Walter Pegues had the ability to play a number of different positions for Central High’s football team. Pegues has played wide receiver and running back in his scholastic career. His versatility will serve him well at the next level. Pegues, a 5-foot-9, 160-pound senior, will play his college football for Indiana University of Pennsylvania. IUP, a Division II football power, is a member of the Pennsylvania State Athletic Conference (PSAC).
“I’m definitely happy with my decision,” Pegues said. “They have a good program. Indiana University of Pennsylvania is in a good conference. They’re recruiting me as a slot receiver, kick returner and punt returner. IUP had a good season with a 9-2 overall record. I’m looking forward to playing for them.”
Pegues was one of the top running backs in the city. He had 151 carries for 1,187 yards. He rushed for 14 touchdowns. He also had 12 receptions for 219 yards. And when he wasn’t running and catching the football, Pegues was returning punts and kickoffs. As a junior, he was a wide receiver for the Lancers. He had the skills to get down the field and run good pass routes. He made a smooth transition to running back.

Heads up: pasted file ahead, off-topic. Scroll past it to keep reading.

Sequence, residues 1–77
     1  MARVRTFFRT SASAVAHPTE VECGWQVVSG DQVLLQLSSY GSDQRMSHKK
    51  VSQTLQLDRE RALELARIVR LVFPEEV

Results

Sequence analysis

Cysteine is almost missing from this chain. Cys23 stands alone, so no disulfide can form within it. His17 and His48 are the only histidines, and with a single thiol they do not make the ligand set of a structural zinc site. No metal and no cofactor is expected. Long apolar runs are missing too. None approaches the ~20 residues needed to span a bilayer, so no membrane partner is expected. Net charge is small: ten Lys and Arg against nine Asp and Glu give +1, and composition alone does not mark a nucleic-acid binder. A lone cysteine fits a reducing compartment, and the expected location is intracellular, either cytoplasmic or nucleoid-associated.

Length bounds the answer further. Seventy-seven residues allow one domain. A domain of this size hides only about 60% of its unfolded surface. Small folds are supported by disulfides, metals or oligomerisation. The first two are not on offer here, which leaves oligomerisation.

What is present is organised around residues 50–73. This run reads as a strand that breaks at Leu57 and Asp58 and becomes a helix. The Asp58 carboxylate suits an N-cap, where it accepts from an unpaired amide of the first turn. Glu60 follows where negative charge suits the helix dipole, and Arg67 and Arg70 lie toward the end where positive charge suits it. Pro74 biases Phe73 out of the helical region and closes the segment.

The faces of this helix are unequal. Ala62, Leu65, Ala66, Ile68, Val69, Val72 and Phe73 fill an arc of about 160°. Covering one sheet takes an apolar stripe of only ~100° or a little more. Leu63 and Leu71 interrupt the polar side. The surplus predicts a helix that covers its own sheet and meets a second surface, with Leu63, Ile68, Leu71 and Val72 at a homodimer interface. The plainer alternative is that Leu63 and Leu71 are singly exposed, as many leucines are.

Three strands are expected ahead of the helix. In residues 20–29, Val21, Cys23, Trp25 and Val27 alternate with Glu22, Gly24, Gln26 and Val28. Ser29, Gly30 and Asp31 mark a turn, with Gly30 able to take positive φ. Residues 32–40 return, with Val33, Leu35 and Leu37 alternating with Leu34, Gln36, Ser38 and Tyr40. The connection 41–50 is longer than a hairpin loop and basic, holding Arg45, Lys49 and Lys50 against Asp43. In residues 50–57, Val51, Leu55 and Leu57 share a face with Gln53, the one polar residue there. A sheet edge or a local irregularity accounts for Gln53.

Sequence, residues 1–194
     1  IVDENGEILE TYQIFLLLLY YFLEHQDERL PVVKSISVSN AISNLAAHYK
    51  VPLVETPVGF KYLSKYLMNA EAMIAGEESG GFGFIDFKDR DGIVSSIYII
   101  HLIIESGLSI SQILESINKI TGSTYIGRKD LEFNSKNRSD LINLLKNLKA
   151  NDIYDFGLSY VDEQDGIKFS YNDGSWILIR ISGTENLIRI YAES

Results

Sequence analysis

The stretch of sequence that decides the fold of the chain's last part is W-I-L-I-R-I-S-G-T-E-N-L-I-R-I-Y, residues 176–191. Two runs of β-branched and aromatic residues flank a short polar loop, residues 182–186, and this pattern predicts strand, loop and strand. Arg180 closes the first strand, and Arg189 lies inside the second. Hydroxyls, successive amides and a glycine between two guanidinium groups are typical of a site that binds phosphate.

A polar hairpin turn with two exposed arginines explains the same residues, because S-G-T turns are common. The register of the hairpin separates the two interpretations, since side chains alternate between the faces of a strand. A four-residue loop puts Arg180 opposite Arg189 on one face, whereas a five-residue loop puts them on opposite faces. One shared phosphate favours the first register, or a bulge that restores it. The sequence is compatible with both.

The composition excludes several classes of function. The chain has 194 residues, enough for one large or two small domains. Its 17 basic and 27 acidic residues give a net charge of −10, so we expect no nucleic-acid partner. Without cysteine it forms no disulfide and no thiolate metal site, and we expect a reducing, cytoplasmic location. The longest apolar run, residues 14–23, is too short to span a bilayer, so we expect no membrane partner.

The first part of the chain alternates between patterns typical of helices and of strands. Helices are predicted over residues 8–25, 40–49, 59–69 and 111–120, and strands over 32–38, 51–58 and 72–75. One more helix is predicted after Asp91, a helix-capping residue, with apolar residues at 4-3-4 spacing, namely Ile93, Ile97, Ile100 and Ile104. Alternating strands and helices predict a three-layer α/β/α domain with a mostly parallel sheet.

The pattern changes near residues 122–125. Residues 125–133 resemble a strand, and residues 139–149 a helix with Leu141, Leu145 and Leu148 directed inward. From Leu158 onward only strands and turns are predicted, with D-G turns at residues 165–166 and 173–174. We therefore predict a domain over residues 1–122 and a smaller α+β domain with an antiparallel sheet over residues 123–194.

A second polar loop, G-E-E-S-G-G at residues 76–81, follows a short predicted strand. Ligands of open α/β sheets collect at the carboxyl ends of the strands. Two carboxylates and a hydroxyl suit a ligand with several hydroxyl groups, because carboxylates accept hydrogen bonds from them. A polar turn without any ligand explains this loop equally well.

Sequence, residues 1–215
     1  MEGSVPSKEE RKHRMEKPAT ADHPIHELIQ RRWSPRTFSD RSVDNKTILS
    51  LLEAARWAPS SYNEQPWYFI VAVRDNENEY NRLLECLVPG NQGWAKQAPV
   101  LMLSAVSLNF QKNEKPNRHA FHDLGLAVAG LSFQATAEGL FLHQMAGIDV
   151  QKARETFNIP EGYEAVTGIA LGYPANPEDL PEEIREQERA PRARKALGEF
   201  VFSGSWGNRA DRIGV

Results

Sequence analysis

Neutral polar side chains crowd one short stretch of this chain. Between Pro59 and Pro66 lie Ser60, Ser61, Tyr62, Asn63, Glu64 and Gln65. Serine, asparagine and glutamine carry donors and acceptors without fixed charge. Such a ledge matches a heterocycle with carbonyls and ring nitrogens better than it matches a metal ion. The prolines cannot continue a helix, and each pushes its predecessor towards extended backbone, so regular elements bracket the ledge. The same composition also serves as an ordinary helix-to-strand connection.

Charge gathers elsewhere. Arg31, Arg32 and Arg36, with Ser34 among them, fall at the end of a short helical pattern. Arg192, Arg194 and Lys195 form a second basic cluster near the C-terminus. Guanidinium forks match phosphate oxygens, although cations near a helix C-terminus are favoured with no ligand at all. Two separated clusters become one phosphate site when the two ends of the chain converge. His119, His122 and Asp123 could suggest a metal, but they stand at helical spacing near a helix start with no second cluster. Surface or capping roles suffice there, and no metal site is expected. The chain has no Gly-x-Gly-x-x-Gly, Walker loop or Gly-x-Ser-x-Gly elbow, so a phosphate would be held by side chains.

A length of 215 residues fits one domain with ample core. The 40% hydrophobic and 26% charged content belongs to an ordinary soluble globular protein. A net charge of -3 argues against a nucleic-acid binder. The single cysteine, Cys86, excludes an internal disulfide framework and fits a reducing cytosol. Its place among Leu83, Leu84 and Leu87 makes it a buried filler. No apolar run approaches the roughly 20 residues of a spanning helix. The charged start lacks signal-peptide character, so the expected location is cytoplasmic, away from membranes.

“We had Hakeem Ellis and Jesse Gillis last year,” Pegues said. “They were two good running backs. I played wide receiver. I think the experience should help me in college. I’ve had a chance to play a lot of different positions. I’ve learned a lot over the years. Coach (Rich) Drayton (Central head coach) has really helped me, too.”
Drayton feels Pegues will be a solid contriubutor at IUP. He believes the All Public League standout is a very knowledgeable player.